Marie Ashley E. Mendoza

Marie Ashley E. Mendoza
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Marie Ashley E. Mendoza
Food business proprietor
9 May 2022
Labour and Future of Work

A licensed architect by profession, 31-year-old Marie Ashley E. Mendoza had a full-time job and was pursuing her Masters’ degree in in Tropical Landscape Architecture when the COVID-19 pandemic struck in 2020. Ashley and her life partner/co-worker, William Giron, decided to set up a food business called PorkMaru Crispy Pata, after both of them lost their jobs due to the prolonged lockdown. Their business soon took off and was later featured in local media outlets.

“We started this online business from scratch—from choosing its name to developing recipes and sourcing out materials, equipment and suppliers. And all were just based on personal work and research. It’s funny how an architect and an engineer (my partner) became instant cook and kitchen staff of our own business. We started last 2020 with just ourselves. Now we have two full-time and one part-time staff who work with us in our home set-up.

“We used our own capital to start PorkMaru Crispy Pata. We started small, and we are still a young and growing business. For the moment, we still operate as an online business, and plans of legalising documents and getting permits to maximise our potential, are still underway.

“There are a lot of challenges in running a small business. Being an entrepreneur for the first time is the biggest challenge we continually face. We had to learn everything from scratch. Both of us had no background in business, marketing, or accounting, that’s why it was a challenge to start and deal with business matters. What we do is we continually research and attend seminars that will help us learn more about the business.

“The minimal earnings we get from selling our products pose another challenge. There are days when we sell a lot while there are days when we get zero sales. So, the challenge we face here is how to maintain our confidence and faith in the business despite the daily ups and downs. During these times, words of encouragement from families and friends, and positive feedback from customers help us to be more confident, improve more, and aim the best for our business.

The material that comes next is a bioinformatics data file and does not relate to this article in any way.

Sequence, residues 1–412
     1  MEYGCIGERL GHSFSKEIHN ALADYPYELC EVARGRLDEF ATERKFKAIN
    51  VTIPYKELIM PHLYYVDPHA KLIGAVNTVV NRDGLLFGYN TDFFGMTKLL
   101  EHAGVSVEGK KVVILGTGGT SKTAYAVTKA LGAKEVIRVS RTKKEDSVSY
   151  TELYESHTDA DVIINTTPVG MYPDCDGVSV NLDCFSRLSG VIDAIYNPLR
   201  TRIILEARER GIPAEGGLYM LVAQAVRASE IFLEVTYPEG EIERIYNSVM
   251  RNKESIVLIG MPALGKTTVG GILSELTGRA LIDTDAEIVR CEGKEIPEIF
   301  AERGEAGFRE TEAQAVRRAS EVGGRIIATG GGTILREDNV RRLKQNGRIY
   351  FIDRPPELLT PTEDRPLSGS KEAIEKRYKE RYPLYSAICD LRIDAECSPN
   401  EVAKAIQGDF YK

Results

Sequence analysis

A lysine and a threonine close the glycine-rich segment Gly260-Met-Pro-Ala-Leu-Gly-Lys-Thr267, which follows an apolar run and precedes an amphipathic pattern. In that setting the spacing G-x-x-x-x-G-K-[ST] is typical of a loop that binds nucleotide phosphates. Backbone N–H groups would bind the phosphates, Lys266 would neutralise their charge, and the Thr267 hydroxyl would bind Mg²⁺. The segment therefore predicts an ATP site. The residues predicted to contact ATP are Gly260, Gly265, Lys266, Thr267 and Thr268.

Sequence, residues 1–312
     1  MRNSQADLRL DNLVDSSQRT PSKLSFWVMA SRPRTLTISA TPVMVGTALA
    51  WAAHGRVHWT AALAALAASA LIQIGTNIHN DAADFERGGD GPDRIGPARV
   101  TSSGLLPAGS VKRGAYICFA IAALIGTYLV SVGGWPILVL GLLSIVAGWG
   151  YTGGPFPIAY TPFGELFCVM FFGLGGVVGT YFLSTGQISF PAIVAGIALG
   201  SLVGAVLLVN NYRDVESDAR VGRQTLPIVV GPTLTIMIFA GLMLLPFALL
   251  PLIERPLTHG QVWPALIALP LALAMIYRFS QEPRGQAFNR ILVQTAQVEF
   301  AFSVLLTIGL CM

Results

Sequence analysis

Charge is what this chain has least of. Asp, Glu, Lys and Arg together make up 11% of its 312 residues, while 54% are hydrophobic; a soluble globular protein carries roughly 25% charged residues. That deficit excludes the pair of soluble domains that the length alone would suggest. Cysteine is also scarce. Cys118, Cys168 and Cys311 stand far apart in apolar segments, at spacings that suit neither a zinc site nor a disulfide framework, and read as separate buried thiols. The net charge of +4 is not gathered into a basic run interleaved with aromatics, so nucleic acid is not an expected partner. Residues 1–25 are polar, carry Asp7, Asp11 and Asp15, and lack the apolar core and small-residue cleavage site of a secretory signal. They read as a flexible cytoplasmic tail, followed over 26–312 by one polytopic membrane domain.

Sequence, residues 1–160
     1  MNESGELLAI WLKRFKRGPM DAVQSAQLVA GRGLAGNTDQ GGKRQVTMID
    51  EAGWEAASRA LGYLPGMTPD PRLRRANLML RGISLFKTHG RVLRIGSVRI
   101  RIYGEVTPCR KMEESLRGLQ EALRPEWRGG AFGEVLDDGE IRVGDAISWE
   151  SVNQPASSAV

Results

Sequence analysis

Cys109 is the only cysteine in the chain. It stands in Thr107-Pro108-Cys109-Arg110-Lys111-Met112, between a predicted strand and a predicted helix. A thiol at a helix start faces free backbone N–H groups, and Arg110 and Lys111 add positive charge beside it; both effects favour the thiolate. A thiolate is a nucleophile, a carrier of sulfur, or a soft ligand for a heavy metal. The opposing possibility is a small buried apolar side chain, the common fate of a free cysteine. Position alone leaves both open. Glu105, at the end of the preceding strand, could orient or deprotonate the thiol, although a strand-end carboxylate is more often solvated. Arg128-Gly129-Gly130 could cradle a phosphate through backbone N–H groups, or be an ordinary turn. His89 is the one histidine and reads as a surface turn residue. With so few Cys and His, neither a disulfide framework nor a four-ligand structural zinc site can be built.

“The pandemic paved the way for us to own our business. Income-wise, it is still average. We are continually investing in improvements and upgrades hoping that someday we’ll reap the fruits of our labour. Aside from PorkMaru Crispy Pata, we are doing side jobs such as construction projects to support our personal finances and business as well. 

“Living and doing business during this pandemic made us realise that nothing is permanent and predictable nowadays—one day, the economy is bouncing back, the next day it closes again. So as a young and growing business, we need to adapt to the trends and react readily to unstable situations. I also learned that joining support groups in line with your business helps a lot. We were able to join one online food association where vendors like us gather to support and promote each other. It’s a big help for brand awareness and learning as well.

“As for the moment, we don’t have health insurance and social security yet. One big reason for this is that our current earnings are not yet stable and sufficient. We are also still processing our documents. Once we register and get our permits, we are hoping that it would open more opportunities for us and eventually generate more sales for the business. With this, we hope that we’ll be able to provide the benefits that we and our staff deserve.

“We’d like to grow and develop more our brand and business. It is everyone’s dream for their business to be famous and become the best in what they offer. We’d love to process our documents to be able to expand from one branch to another. We hope that people will notice and love the food we offer. We also hope to make people happy through our food. It is such a fulfilling moment for us whenever we receive compliments and positive feedback from our customers. Through these, we are inspired to push more and become better. We’d also love to help and inspire other small and young businesses like ours to keep on passionately working for their business.

“As for the government, we would appreciate if it could provide more training for small businesses like ours. We would also love to have some support system, for example, activities that can educate us on filing of permits, taxes, and other business processes. We would also appreciate if it could grant us tax exemptions, and provide starters with free capital to start their own business.”

Interviewed by Joanne B. Agbisit. The conversation has been condensed and edited for clarity. The views and opinions expressed in the text belong solely to the interviewee and do not reflect the official policy or position of ASEAN.